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Cuomo talks ethics, Uber and economy in last State of the State address

Cuomo talks ethics, Uber and economy in last State of the State address

Just three state lawmakers attend last of six State of the State addresses
Cuomo talks ethics, Uber and economy in last State of the State address
Governor Andrew Cuomo delivers his 2017 State of the State Address at UAlbany

In his final 2017 regional State of the State address, Gov. Andrew Cuomo unveiled proposals for ethics reform, capping costs of prescription drugs and an investment in a new Schenectady Amtrak station.

The governor spoke for about 45 minutes Wednesday afternoon to a full auditorium in the University at Albany Performing Arts Center. The speech marked the sixth and final iteration of his regional State of the State addresses, which he’d delivered throughout New York this week. 

Cuomo painted a largely rosy picture of the state’s economic and social standing, pointing to lower unemployment, economic development projects, marriage equality and an increased minimum wage as signs of progress over the past few years.

He highlighted a few ongoing Capital Region development projects, including the Rivers Casino and Resort in Schenectady, which will open next month. As part of an effort to improve transportation hubs in the state, Cuomo announced a $15 million state investment in a new Schenectady Amtrak station to replace the station on Erie Boulevard.

The state Department of Transportation last year set aside roughly $15 million for the new station, but bids for the project came in well over budget.

The specific funding amount was unclear Wednesday, but Schenectady Mayor Gary McCarthy said the state would provide at least some additional money to bridge the financing gap so the project can be completed in 2018.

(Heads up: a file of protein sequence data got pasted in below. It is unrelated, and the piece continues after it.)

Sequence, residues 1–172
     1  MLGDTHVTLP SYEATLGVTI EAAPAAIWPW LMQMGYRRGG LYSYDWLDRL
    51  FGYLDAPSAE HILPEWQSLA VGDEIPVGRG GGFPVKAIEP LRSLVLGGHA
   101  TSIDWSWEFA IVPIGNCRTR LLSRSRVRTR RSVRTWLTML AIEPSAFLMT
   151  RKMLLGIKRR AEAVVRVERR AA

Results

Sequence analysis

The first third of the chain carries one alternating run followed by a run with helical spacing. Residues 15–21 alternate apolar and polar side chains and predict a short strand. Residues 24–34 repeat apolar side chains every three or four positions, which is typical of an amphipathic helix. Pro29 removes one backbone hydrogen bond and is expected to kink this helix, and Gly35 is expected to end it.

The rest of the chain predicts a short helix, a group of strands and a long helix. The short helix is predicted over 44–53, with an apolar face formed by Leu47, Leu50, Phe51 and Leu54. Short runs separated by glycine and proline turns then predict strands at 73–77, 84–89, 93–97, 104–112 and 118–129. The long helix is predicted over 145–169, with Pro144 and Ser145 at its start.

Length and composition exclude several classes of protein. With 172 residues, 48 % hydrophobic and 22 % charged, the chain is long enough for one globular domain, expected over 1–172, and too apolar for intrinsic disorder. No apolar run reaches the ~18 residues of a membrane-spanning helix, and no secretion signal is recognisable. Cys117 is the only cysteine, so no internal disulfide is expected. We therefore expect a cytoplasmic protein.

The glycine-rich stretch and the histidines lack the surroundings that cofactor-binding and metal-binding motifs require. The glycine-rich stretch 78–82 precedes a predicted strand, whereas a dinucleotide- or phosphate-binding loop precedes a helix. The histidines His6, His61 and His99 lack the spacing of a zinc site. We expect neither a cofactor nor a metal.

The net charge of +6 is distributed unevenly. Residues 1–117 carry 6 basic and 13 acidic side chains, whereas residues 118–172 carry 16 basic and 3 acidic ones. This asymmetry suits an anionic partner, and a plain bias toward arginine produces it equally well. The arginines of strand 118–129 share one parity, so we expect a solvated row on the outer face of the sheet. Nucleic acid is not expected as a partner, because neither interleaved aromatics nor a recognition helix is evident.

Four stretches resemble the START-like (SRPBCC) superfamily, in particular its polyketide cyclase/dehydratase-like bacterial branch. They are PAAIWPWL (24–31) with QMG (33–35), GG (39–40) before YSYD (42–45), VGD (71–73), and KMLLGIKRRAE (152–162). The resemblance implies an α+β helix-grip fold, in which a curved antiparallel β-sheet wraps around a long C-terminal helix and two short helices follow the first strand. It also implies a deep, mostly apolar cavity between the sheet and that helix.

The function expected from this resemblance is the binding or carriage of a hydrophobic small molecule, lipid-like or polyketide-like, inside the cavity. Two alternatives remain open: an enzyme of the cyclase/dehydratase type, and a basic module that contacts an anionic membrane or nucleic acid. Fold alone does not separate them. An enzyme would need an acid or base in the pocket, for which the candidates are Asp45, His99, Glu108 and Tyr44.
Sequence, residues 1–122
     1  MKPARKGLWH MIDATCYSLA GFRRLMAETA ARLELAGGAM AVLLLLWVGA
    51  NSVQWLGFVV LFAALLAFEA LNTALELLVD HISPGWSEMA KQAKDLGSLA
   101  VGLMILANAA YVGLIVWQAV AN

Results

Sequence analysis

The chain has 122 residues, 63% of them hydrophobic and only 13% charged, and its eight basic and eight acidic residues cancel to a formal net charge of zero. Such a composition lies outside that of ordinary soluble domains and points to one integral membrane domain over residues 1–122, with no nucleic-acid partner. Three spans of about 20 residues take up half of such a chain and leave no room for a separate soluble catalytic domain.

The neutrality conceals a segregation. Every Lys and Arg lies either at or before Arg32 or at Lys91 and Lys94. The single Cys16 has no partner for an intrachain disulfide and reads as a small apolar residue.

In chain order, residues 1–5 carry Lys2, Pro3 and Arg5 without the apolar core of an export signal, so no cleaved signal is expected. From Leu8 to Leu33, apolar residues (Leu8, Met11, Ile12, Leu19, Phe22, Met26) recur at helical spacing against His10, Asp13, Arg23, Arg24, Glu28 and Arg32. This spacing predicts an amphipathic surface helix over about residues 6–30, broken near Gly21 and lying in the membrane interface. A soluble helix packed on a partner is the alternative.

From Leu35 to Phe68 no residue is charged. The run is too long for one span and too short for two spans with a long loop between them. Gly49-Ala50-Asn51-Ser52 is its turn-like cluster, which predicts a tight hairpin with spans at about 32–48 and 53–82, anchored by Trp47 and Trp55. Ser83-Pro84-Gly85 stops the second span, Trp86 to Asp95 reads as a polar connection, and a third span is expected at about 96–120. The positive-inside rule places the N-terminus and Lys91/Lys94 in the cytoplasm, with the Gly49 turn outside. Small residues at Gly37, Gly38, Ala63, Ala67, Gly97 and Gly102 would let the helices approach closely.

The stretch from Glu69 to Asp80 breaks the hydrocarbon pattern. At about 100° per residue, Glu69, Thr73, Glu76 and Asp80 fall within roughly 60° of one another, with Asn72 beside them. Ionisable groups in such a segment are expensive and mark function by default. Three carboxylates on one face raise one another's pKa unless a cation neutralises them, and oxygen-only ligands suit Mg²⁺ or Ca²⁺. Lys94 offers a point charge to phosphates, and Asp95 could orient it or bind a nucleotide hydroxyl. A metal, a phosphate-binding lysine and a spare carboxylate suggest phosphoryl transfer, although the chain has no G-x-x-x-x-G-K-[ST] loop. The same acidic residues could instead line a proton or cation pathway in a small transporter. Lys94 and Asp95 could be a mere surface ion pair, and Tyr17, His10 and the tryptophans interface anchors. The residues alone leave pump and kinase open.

A key proposal during Cuomo's speech called for new ethics reform package, which he said is necessary to improve public trust in state legislators. In recent years, the state has been plagued by corruption scandals, including charges filed in September that implicated multiple close Cuomo aides.

The governor outlined a 10-point plan Wednesday that includes a constitutional amendment limiting outside income for lawmakers, as well as an amendment imposing term limits on elected officials. Other proposed measures include subjecting officials to financial disclosure requirements and reforming the Freedom of Information Law as it applies to the Legislature.

Another proposal focused on protecting customers from “skyrocketing costs of prescription drugs.” The governor’s plan includes creating a state review board that would establish a price ceiling for certain drugs in the state’s Medicaid program. Under the proposal, if a drug company exceeded the ceiling, it would be subject to a surcharge.

The governor also addressed a few proposals he detailed at previous 2017 State of the State speeches. One was the concept for the Empire State Trail, a 750-mile multi-use path that would link Buffalo to Albany and New York City to the Canadian border.

Cuomo touted the trail, which he estimated would cost $200 million, as a possible international tourism attraction.

He also discussed his previous calls to bring ride-hailing services like Uber and Lyft to upstate New York. It’s unfair, Cuomo said, that New York City has those services while upstate does not. He urged constituents to tell lawmakers “not to come home” until they approve ride-hailing legislation that legalizes the service upstate.

Local leaders in attendance Wednesday included Schenectady Mayor Gary McCarthy, Albany Mayor Kathy Sheehan and Saratoga Springs Mayor Joanne Yepsen. 

All of the more than 30 proposals the governor put forward during his six speeches will require approval by the state Legislature.

Only three members of the Legislature were in attendance; they were greeted by SUNY Chancellor Nancy Zimpher during her introduction. They were Assemblywoman Mary Beth Walsh, R-Ballston; Assemblyman Peter Lopez (R-Scoharie) and Assemblyman David Weprin (D-Holliswood).

Many state lawmakers openly protested Cuomo’s traveling State of the State addresses, saying the speech should have been given in the Capitol. 

On Wednesday, Cuomo said much of what the government does across the state is regionally oriented, so he felt the multiple addresses made sense.

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